The wave of über-hip, W Hotel-esque modern (and modular) design that has swept the globe in recent years is finally, it seems, beginning to subside.
above: a quilt and bed from shimna
above: from parsons student show — can you guess what these are for?
above: textile design from dana barnes
While that school of thought was certainly not lacking in representation at this year’s ICFF, it was clearly giving way to the growing trend towards natural and handmade artisanal goods that made itself known in every category at the convention.
I’m not just talking about sustainable design, though this craft-based movement happens to be that too. If you took a step back from the booths at the show and watched what people gravitated towards, nine times out of ten it’s to something they can touch and feel. That plastic injection molded lounge seating may have been the new, slick thing not too long ago, but it doesn’t appeal to the human touch the way a handmade chair of aged Moravian Oak does.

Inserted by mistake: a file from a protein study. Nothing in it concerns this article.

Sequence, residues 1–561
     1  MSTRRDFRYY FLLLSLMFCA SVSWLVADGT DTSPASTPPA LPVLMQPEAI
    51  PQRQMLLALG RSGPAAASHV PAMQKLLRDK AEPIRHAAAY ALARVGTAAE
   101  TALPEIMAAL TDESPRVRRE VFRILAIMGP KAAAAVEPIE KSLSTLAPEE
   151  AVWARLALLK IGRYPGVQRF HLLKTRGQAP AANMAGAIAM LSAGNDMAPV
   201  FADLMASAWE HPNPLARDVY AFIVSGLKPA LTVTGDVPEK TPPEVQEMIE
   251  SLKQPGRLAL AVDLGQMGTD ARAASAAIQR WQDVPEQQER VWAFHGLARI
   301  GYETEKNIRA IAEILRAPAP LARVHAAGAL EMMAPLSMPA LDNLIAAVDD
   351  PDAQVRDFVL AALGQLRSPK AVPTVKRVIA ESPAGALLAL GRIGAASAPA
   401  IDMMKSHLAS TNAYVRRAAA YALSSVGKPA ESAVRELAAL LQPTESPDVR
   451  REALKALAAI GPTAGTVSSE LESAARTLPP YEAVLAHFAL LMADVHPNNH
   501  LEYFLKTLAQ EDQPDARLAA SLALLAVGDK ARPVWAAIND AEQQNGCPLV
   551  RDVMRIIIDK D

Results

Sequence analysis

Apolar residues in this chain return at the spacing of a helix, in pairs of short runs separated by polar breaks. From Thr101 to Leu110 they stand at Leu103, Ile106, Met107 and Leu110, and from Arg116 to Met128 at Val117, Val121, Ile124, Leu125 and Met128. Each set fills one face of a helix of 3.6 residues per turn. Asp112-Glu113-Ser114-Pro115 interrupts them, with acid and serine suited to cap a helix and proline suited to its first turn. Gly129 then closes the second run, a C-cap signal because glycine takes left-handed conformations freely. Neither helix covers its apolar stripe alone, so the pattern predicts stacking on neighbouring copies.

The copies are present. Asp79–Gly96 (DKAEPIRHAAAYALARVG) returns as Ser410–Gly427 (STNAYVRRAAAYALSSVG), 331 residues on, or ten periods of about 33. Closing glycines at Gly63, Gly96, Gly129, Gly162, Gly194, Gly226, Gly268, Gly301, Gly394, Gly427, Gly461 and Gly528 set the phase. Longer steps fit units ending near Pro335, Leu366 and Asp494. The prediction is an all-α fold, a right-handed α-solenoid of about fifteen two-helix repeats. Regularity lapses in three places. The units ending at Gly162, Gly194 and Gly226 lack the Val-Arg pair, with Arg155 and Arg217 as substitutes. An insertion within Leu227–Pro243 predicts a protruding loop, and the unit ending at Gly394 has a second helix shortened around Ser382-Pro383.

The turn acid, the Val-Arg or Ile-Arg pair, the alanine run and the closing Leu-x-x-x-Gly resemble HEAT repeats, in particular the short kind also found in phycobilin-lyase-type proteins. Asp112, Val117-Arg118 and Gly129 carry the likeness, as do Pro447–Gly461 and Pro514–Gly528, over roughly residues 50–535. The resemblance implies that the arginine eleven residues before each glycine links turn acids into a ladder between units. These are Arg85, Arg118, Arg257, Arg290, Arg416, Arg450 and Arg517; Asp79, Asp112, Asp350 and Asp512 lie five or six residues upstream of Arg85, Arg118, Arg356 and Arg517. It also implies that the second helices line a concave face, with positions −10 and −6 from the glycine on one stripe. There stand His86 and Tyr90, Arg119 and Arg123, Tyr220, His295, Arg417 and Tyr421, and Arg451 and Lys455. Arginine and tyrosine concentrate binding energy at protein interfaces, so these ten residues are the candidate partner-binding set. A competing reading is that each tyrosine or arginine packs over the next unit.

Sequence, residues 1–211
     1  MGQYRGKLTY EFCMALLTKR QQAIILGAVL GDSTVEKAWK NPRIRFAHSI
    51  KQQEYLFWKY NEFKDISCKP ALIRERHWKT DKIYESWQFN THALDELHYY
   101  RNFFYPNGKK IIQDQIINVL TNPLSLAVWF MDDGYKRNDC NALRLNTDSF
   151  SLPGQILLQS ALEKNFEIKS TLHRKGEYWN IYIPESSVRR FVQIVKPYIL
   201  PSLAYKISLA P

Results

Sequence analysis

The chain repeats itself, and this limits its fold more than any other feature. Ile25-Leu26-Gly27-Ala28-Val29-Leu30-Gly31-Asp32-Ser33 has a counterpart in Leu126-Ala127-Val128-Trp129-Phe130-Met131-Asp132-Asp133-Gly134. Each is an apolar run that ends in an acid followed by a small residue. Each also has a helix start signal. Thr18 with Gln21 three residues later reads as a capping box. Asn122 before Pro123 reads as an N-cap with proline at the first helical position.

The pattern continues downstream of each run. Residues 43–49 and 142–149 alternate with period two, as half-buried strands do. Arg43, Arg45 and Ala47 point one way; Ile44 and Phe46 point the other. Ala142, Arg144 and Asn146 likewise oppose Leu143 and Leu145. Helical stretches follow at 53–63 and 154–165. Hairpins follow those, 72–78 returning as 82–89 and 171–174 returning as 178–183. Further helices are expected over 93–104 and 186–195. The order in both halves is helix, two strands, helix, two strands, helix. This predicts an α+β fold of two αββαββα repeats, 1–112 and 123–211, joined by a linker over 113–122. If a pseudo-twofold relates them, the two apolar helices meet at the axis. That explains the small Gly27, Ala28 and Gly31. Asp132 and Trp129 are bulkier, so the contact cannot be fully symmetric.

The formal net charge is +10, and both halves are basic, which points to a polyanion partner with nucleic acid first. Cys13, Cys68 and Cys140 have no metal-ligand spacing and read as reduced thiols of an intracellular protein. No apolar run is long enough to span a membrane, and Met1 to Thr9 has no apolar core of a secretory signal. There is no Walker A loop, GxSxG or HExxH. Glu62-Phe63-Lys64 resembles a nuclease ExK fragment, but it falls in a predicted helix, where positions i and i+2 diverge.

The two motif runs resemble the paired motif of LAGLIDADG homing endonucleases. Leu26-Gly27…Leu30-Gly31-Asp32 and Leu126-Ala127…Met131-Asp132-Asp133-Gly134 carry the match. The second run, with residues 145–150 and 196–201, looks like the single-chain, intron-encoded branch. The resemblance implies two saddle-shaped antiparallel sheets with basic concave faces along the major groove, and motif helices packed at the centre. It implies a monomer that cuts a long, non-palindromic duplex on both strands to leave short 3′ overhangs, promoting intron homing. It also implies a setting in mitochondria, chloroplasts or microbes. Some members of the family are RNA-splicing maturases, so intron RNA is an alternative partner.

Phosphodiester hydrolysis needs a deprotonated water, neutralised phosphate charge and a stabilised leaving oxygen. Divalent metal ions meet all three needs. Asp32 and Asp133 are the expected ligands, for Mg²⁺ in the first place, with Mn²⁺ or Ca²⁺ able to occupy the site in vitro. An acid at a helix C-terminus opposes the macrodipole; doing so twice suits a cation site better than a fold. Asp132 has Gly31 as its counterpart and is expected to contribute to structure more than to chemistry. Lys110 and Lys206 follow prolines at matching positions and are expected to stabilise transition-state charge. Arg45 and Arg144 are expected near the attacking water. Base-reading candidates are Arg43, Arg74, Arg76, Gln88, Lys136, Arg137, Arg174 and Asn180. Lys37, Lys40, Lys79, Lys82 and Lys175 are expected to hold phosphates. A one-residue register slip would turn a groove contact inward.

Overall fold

The judges felt it too, just take a look at the ICFF Editor’s Awards to people like textile designer Dana Barnes, who sculpts fibers into beautiful, totally unique, curl-your-toes-into floor and wall coverings. Or the award to MICA (Maryland Institute College of Art) for best Design School for their exhibit “Material Inspired Concepts and Artifacts” that showed off work from an environmental design class that examined traditional, natural materials and invented modern uses for them.
Elements of the handmade popped up in surprising places, like the Oshibe light sculpture, a woven nest with light-up eggs or at Shimna, a Mennonite furniture company and in the work displayed in Metropolitan Magazine’s Airstream. Stay tuned for highlights from the show.